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13 Jun 2012

What is gene therapy?

Illustration for article: What is gene therapy?
Gene therapy consists of inserting a gene-drug into cells so that they can produce a protein to repair the anomaly responsible for the disease. This classic pathway, on which researchers have been working since the 1990s, has already produced its first results. Three of these world firsts were funded by AFM-Telethon through Telethon donations.

From gene to drug

The gene is a portion of deoxyribonucleic acid (DNA) which carries our genetic information. Genes control the production of proteins.

The principle of gene therapy is based on the fact that a human cell can turn any gene into protein, even if the gene is not part of the repertoire of human genes, and on the possibility of inserting this gene into the cell nucleus using various types of vectors.

Gene therapy assumes that you know either the genetic anomaly which caused the disease, so as to provide the cell with a functional copy of the absent or defective gene, or the function of the gene being inserted and that this function can repair the pathological mechanism which is the source of the disease.

In practice, it also assumes that you are an expert in genetic engineering! Indeed, the gene-drug must be isolated. Then, if you want only certain types of cells to express the protein they encode, you must add a "promoter", i.e. a small DNA sequence which regulates expression, to this gene. Then find a means to transport the gene into the nucleus, i.e. usually a viral vector.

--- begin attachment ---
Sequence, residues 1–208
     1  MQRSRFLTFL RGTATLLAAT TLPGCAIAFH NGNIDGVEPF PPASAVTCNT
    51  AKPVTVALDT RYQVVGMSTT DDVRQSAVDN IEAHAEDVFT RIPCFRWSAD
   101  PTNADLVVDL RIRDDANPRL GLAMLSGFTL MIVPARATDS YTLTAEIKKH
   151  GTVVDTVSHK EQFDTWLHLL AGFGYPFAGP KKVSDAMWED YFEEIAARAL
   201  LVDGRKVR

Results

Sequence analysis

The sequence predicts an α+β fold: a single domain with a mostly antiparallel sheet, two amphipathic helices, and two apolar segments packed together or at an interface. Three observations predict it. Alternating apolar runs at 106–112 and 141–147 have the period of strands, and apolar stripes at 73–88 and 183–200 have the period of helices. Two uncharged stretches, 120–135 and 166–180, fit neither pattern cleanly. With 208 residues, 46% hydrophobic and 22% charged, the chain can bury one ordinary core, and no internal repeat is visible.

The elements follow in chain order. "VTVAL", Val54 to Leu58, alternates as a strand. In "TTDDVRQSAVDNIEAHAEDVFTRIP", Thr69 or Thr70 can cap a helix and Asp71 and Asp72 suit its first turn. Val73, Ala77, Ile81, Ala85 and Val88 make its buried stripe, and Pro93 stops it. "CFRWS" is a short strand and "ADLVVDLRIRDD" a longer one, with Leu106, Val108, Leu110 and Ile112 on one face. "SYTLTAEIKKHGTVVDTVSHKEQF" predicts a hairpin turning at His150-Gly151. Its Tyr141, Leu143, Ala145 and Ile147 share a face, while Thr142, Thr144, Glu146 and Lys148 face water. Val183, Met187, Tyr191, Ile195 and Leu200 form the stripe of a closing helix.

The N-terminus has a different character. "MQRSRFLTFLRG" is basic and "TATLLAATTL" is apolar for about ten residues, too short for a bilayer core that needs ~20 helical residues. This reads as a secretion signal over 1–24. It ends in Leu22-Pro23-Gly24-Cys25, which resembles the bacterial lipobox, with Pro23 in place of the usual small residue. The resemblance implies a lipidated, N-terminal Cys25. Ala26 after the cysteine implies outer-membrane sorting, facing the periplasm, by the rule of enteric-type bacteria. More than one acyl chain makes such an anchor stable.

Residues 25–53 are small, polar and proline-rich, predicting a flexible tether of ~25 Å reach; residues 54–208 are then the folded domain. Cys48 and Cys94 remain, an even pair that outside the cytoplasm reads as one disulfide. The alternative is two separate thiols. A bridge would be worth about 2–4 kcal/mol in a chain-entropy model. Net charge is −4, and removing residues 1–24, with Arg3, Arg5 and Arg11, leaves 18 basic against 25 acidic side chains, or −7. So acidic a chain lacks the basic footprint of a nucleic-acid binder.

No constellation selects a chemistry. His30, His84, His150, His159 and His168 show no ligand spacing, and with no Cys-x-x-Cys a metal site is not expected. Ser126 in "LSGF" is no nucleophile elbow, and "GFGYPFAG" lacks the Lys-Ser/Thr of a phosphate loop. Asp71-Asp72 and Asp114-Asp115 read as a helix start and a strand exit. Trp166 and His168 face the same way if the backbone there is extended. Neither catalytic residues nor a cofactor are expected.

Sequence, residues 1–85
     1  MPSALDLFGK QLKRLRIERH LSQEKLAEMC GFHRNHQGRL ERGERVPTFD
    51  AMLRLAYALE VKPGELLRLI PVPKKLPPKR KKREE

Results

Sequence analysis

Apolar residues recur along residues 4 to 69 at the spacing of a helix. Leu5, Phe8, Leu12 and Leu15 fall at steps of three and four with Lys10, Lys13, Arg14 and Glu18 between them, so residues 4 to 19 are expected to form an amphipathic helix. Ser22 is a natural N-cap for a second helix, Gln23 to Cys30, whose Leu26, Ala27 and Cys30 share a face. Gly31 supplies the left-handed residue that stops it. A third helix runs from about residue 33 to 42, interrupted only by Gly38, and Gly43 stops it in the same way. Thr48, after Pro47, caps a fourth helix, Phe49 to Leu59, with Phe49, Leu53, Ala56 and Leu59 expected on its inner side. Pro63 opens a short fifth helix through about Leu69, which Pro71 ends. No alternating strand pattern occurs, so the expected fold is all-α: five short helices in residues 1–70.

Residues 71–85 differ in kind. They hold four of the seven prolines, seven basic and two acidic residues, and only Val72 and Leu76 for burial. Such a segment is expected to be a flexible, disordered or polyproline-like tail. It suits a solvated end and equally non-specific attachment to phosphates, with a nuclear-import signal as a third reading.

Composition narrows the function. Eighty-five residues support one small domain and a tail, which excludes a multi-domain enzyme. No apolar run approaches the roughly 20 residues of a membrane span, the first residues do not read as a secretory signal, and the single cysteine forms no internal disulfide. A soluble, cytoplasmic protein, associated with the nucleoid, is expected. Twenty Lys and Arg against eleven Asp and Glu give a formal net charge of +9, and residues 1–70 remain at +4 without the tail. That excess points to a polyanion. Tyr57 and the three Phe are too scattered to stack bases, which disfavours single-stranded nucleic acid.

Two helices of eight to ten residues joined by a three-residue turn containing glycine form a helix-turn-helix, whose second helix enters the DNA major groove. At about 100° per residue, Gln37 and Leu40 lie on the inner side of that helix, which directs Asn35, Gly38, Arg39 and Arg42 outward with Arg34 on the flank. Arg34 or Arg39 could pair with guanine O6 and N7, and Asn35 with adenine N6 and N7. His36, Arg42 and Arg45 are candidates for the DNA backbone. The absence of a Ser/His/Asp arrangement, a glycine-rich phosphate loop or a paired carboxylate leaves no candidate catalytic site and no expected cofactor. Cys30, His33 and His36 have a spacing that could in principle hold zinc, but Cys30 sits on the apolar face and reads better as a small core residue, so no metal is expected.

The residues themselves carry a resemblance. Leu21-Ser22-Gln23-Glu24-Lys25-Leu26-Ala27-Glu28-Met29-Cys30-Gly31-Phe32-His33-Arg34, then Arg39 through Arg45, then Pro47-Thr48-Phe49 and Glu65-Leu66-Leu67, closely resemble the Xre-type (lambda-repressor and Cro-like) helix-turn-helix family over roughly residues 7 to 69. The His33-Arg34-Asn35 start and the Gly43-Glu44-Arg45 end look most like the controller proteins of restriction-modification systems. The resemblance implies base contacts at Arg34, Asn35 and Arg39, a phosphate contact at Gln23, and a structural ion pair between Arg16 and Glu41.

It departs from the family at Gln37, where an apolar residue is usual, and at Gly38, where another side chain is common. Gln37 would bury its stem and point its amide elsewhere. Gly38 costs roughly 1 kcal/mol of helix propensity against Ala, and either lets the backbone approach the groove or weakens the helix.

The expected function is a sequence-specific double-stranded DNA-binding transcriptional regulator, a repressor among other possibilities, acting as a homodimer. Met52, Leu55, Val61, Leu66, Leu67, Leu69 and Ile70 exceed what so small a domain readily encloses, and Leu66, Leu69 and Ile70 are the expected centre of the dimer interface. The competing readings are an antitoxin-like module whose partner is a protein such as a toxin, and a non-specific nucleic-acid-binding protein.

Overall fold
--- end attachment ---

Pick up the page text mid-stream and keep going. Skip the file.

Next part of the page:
From rare genetic diseases to all diseases!

The gene therapy concept grew from the desire to treat genetic diseases at their source. The idea was simple: abnormal copies of a gene are responsible for a disease, so let's provide the cells with normal copies!

The first diseases which benefited from gene therapy were rare genetic diseases in which the gene responsible had been identified, in particular severe immune deficiencies

However, proofs of concept that have been provided for diseases such as Leber's amaurosis or Huntington's disease are also applicable to more common diseases such as age-related macular degeneration (ARMD) and Parkinson's disease.

Above all, the idea gradually grew that it was not enough to replace a defective gene, but the applications of gene therapy could be significantly expanded by inhibiting or stimulating the expression of genes not necessarily defective. So that almost all diseases could be treated by gene therapy eventually. An example? Researchers propose to insert a suicide-gene into cancer cells to force them to self-destruct and are also thinking about vaccination using gene therapy.